Of course she wasn’t physically grand like the Sierras or her beloved Rocky Mountains. But nonetheless she was in many, many ways both grand and strong. Grand in her concern and love for her friends and her family, which were her anchors and the center of her life. How she doted over her grandchildren Matthew and Adam and how her voice rekindled when talking to the kids. Grand in her faith and love of her church – St. Peter’s – where she remained active both as a parishioner and as a volunteer for nearly 65 years. And grand in her keen mind.  At 96 she still played bridge every week – and played pretty well…far better than I will ever be able to play.

Her strength was on display in many ways. That she lived in her own well maintained home until well past 90. Of course she would insist I mention how many years ago she was rescued from a burning cruise ship off Alaska, hoisted from the “inferno” by a Coast Guard helicopter. Our very own Kate Winslet. But more important, her strength unfolded as she raised her immediate family – my brother and I, largely alone, instilling in us both values about treating others with respect and wisdom about the world around us.  

My mother saw the 20th century unfold and eclipse; and a new century born. She described for me how folks still rode horses when she was young and worried over polio and whooping cough. But in her later years, she marveled over the Worldwide Web, or as she called it, “The Intercom.”

But if we pull back the camera lens, my mom was a example of what Tom Brokaw called, “the greatest generation.”   A generation incubated in the Great Depression, a generation coming of age in the Second World War, then turning to the tough and mundane job of raising kids and raising a nation. And we all have to admit, they did a darn good job of it.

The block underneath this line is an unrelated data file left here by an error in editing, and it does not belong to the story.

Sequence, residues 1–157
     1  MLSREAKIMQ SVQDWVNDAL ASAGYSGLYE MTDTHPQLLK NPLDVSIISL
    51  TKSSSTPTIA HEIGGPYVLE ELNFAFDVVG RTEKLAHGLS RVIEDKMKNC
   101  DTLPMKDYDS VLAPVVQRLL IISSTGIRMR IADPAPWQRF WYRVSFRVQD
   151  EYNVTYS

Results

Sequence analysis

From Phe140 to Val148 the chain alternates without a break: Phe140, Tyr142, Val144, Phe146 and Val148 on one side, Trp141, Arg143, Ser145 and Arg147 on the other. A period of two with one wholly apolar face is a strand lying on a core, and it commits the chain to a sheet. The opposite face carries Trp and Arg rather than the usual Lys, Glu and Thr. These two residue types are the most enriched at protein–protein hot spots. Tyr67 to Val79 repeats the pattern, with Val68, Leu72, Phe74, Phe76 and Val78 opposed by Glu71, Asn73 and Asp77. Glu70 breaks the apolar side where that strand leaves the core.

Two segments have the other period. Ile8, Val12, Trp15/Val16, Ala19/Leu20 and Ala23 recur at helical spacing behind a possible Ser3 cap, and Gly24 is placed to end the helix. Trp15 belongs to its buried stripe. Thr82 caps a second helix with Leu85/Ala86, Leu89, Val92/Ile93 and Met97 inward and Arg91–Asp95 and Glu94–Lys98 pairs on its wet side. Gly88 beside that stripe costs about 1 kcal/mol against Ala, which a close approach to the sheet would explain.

A thousand of the greatest generation are passing away every day, I am told. Passing on, but leaving an indelible impact on us all, especially their children and grandchildren. To all of them of the greatest generation, and especially to my mother, we tip our hats and lift our glasses. They were and they are all people to match the mountains of the West.

Dispatches: Why Parenthood May Be A Laughing Matter

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Just because parenthood is a serious business is no reason to take it too seriously – especially if, as two aspiring parents recently found out, you have yet to actually have any kids.

Ross Hyzer, a stand-up comedian recently married, wrote a letter to his unborn child, to be read on his or her 25th birthday. Marriage, he says, moved him to devote more time to wondering what the future might bring. Ross opens with some jokes, but soon turns semi-serious, and – “life being as fragile and fickle as it is” – puts forward seven pointers, including “Avoid the Internet” and “Be Nice To Goths.” In conclusion, he apologizes. “I’m sorry the world is so weird. Your mother and I tried to make things better, with our flash mobs and yoga parties and retweets, but nothing seemed to work.” http://www.huffingtonpost.com/ross-hyzer/parenting-advice_b_1465811.html

A woman who chose to remain anonymous wrote a letter warning her future children about her ultra-competitive mother. Specifically, she cautions her kids against ever getting competitive with her, least of all in anything physical. “Trust me on this one, kids,” she writes, “she is feisty and never, ever backs down.” She then gives some examples of recent encounters with her mother that, thanks to her “firecracker personality,” turned into confrontations. One incident involved ice cubes as an improbable instrument of revenge. So, the mother-to-be says, “no racing, arm wrestling, no anything under any circumstances, even if she’s in a wheelchair.” http://huntingforbliss.wordpress.com/2012/05/31/letters-to-my-hypothetical-children-part-2/